30 Days: Passive Voices

3 Nov

Passive voice sentences, the vane of my writing existence.

Passive Voices (Otherwise know as the massive PV written on my papers) signal that writing was confusing, or that the sentence could be stronger and shorter. After all journalists are always concerned with the word count, because of how many characters can make it on a page. While during my journalism class today we discussed passive sentences, and ways to become better writes and communicate ideas better.

So instead of:

My beef jerky were stolen by someone yesterday.

It would read:

Someone stole my beef jerky yesterday.

See it’s a lot cleaner, and easier to read. While doing this activity with classmates I couldn’t help but think maybe as agriculturists we are using passive voices. Sure, we are passionate about what we do, and yes we do like to share what we know about agriculture. However is something getting lost in the message? Are we having trouble speaking to consumers clearly or communicating effectively? If the answer to these questions is yes, then what will we do to solve these problems?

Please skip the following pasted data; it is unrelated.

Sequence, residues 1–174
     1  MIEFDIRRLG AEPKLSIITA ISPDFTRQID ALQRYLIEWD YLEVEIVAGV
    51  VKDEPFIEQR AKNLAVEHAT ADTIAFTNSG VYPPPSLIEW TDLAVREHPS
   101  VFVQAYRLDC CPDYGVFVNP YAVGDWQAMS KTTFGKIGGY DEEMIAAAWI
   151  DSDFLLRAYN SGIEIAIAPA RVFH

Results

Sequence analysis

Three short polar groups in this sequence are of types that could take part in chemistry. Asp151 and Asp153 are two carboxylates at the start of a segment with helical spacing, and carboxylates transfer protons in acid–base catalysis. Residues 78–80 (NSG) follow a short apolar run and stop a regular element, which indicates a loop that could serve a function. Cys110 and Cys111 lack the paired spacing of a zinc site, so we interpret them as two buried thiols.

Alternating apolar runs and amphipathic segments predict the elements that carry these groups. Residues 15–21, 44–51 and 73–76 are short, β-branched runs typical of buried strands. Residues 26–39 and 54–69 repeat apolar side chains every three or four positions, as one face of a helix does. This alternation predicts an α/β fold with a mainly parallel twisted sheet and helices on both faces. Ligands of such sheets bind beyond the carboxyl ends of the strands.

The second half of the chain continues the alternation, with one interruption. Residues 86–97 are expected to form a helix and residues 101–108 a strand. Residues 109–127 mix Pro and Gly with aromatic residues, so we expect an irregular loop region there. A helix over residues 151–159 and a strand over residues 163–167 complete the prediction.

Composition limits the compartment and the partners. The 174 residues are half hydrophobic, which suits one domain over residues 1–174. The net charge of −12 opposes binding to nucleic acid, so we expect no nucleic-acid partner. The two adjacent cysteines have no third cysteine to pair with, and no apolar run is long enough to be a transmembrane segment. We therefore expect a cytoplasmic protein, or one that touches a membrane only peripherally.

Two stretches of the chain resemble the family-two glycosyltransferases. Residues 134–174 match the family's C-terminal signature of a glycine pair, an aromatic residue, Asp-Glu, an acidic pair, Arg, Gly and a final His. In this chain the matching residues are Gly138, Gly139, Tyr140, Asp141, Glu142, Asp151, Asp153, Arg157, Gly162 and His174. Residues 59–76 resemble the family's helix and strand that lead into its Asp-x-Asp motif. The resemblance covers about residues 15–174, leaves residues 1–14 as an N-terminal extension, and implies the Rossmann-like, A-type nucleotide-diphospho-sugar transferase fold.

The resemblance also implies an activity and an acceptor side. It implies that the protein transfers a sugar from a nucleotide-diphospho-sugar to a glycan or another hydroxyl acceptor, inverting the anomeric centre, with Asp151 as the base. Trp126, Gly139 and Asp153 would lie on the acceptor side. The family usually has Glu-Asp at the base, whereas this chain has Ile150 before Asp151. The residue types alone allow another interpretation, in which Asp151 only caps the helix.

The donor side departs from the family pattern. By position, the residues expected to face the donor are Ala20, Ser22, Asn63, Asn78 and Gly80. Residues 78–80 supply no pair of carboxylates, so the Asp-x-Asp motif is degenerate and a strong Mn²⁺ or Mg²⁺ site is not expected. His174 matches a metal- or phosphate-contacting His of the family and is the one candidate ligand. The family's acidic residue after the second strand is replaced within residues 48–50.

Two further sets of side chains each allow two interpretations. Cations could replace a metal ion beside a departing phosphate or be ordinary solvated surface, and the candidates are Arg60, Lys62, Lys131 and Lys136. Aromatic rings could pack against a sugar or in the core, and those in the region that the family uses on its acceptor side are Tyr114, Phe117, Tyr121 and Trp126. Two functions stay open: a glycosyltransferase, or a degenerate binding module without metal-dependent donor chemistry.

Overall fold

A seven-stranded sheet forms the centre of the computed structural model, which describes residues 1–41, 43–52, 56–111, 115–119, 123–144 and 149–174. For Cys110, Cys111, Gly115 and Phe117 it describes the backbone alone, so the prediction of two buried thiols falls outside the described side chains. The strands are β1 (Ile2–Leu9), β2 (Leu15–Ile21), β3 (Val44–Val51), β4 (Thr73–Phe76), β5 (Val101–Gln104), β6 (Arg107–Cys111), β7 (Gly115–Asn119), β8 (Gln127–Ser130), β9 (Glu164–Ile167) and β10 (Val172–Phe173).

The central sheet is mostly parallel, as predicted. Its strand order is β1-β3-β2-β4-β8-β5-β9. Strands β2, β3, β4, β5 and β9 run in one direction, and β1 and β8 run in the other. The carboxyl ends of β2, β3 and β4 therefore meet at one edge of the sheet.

Here is some possible solutions for elimating passive voices:

  • Be understanding about common misconceptions; however don’t be afraid to correct them
  • Make sure each message has a clear objective (aka meaning)
  • Be informed, that is our strongest weapon

Every day a college agriculture student faces questions about their major. Whether it is easy questions like asking why beef cows and dairy cows look so different, or a tough one such as wondering what our positions are on current ethical problems. One of the best practices to help eliminate the current stigma around agriculture is to answer questions, because after all knowledge is power.

Here is a list of great people who are working to remove the passive voices from agriculture:

Be sure to read the rest of the 30 Days of Ag bloggers:

Have a great week everyone,



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